Just after I read this I received some disappointing news, so I got the chance to practice Seligman’s approach. Of the possible explanations, I could blame myself, blame someone else, or focus on how I could get a better outcome next time. Then there were the mystical explanations: God has something better in store for me; or God is trying to teach me something through this. I find that both of those hold true for most disappointments, and they are not incompatible with looking for something constructive to do next. I was just starting to mull all this over when I ran into a mother I know from baseball and told her my frustration. She had a completely different explanation: “Mercury was in retrograde!” she said, as if that cleared up everything. The funny thing was that her explanation really cheered me up, even though I don’t believe in astrology. It was somehow heartening to think that a) it wasn’t my fault, b) I didn’t need to learn anything, and c) it was a temporary set back (since Mercury is no longer in retrograde, whatever that means).

Just in case the movements of the planets don’t solve my problems, I’m still figuring out what I’m supposed to be learning. As I was writing this, a good friend came into the coffee shop where I’m writing and told me something she read recently about contemplative practice. The gist of it was that when something comes at you in life, you can either brace yourself, or you can open up to it and surrender. The author said that when you brace, you end up in your smaller self, a phrase my friend really related to. When you surrender, however, you are more in your centered self, more expansive and better able to deal with things. The trick, we both agreed, is in knowing what being your centered self looks like in terms of the practical daily choices. When I finish writing this blog entry, what do I do next? Surrender could mean going home and taking a nap, though in my case, I don’t believe surrender requires giving up. This is, of course, all fodder for my writing, which is another explanation for why I needed this lesson.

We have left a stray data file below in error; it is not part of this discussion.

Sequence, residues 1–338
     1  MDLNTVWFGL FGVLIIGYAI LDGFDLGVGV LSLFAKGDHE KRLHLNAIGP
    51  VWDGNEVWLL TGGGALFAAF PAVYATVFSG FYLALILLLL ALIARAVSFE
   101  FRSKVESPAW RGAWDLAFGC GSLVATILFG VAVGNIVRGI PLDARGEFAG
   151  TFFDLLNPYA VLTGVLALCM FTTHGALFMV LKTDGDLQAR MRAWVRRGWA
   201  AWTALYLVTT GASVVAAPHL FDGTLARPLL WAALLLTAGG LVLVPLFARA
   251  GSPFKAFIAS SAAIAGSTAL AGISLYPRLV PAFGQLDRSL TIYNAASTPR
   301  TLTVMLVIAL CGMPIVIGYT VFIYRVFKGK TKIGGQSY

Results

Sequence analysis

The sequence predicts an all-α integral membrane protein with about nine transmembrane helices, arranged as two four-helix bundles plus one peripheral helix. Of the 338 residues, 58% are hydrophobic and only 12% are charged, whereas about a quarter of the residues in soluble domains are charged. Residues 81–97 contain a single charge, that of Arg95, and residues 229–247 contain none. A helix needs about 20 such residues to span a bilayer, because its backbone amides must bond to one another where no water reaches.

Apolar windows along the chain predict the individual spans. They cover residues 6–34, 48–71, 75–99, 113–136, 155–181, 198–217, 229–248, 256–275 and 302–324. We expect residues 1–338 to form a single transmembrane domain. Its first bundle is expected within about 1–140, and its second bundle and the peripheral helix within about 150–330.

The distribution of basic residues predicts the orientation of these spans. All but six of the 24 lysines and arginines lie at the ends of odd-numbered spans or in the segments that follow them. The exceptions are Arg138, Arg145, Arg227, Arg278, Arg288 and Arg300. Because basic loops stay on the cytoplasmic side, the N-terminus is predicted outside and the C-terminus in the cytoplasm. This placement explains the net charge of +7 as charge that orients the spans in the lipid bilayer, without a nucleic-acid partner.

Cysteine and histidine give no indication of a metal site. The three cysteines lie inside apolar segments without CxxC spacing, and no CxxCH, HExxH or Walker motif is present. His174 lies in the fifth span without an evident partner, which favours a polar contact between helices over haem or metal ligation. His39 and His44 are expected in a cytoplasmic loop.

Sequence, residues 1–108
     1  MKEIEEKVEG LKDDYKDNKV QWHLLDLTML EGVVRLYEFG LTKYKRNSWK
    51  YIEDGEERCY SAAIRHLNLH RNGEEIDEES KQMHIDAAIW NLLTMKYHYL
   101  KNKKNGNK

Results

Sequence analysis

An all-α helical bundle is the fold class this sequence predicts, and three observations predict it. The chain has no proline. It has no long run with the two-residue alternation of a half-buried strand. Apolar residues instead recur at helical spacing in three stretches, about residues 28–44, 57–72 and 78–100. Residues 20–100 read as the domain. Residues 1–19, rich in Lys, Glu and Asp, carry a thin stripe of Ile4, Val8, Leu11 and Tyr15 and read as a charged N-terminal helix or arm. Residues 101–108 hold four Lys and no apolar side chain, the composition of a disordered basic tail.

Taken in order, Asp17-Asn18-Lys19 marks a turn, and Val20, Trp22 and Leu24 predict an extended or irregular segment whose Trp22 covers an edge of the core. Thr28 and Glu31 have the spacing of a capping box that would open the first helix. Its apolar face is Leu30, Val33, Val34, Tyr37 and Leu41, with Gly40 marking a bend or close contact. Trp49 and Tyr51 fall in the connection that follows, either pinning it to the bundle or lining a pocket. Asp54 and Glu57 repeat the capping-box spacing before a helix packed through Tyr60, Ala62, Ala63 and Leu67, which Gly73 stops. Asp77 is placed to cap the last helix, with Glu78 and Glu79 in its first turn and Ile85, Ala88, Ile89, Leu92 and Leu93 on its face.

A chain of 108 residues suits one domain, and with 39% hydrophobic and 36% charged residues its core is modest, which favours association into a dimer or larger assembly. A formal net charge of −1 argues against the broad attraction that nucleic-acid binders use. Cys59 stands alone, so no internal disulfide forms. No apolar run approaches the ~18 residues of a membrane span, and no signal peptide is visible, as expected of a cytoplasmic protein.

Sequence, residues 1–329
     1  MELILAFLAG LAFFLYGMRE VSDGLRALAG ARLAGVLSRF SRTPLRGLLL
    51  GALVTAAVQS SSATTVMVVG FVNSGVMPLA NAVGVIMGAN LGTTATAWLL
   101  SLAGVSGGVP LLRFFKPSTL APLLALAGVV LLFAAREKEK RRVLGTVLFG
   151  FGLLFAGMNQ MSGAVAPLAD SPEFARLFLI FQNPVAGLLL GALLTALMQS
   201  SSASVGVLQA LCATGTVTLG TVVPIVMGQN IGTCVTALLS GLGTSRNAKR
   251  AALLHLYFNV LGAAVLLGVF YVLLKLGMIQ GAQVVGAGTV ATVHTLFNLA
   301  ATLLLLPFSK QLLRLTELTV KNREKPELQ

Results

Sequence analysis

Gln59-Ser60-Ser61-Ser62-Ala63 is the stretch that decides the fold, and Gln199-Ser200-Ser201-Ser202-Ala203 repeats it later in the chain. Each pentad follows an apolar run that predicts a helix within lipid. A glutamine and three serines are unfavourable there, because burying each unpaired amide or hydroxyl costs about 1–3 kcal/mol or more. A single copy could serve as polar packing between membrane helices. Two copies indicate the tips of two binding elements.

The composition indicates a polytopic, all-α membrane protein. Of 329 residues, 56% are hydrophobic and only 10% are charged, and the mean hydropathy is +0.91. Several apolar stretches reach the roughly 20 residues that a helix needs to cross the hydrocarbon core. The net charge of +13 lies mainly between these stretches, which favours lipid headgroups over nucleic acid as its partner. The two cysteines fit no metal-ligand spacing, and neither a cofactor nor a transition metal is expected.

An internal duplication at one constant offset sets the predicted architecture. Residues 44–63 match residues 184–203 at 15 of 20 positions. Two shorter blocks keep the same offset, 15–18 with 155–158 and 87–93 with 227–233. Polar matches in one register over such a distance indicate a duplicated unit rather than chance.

Sunday, July 08, 2007

Getting Here